Pietro Lorenzetti altarpiece restoration in Arezzo

Laboratory now open to visitors

Oonagh Stransky
May 20, 2016 - 12:10

A plucky team of professional art restorers in Arezzo have recently decided to open their laboratory for a rare and valuable opportunity to witness the restoration of a fourteenth-century Pietro Lorenzetti altarpiece and to talk to the restorers—an experience that would, in any other circumstance, take place behind museum walls.

 

Restoration in progress Restoration in progress

 

RICERCA studios, headed by Isabella Droandi, Marzia Benini and Paola Baldetti, began work on the gold-background polyptych in 2015. What was supposed to be a routine cleaning of the 1300s masterpiece has turned into a passionate exploration of Lorenzetti’s technique and a scientific assessment of past restorations.

 

The “Arezzo polyptych” by Lorenzetti, which is usually the focal point of the Pieve di S. Maria, is one of the most celebrated works of the fourteenth century and is regularly featured in textbooks on Italian art. The multi-paneled work depicts a three-quarter length Virgin and Child in the central panel, flanked on the left by Saints Donatus (the patron saint of Arezzo) and John the Evangelist and on the right by Saints John the Baptist and Matthew. The second register shows eight half-size male saints framed by arches with portraits of prophets. An image of the Annunciation fills the second-tier space above the Virgin and Child. Four half-size female saints fill the pinnacles of the side panels with the Assumption of the Virgin in the central, topmost pinnacle.

 

Pietro Lorenzetti (active 1280–1348) is one of the great artistic personalities of the 1300s after Cimabue, Giotto and Duccio di Buoninsegna. Other great works by the artist include his Virgin in Majesty (Maestà) altarpiece in Cortona and his fresco cycle depicting Christ’s Passion in the lower church of San Francesco in Assisi, which he completed before receiving the commission to paint the Arezzo polyptych.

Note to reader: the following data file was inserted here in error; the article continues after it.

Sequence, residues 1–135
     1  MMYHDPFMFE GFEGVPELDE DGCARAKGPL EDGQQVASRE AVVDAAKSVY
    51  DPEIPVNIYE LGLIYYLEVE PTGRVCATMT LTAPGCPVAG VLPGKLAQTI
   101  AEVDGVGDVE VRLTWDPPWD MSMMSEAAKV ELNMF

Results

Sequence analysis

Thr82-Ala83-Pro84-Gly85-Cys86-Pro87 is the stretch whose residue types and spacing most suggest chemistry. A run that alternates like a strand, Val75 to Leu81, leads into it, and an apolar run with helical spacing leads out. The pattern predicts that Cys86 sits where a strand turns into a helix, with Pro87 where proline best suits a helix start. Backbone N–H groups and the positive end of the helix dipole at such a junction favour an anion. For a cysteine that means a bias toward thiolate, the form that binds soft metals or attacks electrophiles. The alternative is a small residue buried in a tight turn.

The “Arezzo polyptych” by Lorenzetti, usually the focal point of the Pieve di S. Maria The “Arezzo polyptych” by Lorenzetti, usually the focal point of the Pieve di S. Maria

 

The Arezzo polyptych shows how Lorenzetti understood Giotto’s groundbreaking naturalism and Giovanni Pisano’s dramatic expressiveness. It also relays his own innovative developments in creating compelling human figures. The altarpiece points toward his later Birth of the Virgin altarpiece, which was painted to adorn one of the transept altars in Siena Cathedral, shortly before the artist’s death during the great plague of 1348.

 

Another exciting historical aspect of this masterpiece stems from the survival of the contract between Bishop Tarlati and Pietro Lorenzetti, signed on 17 April, 1320. It stipulates that Pietro must paint beautiful figures with high-quality colors on gilded backgrounds, while the patron was responsible for having the framework prepared by local Aretine craftsmen. The contract also stipulates iconography and payment schedules.

 

Moved at least twice since its creation, the painting has since lost its original frame, including columns at the ends painted with small figures, pilasters between the panels that ended in pinnacles, and a predella, which Vasari described as containing “many small figures, all very beautiful”.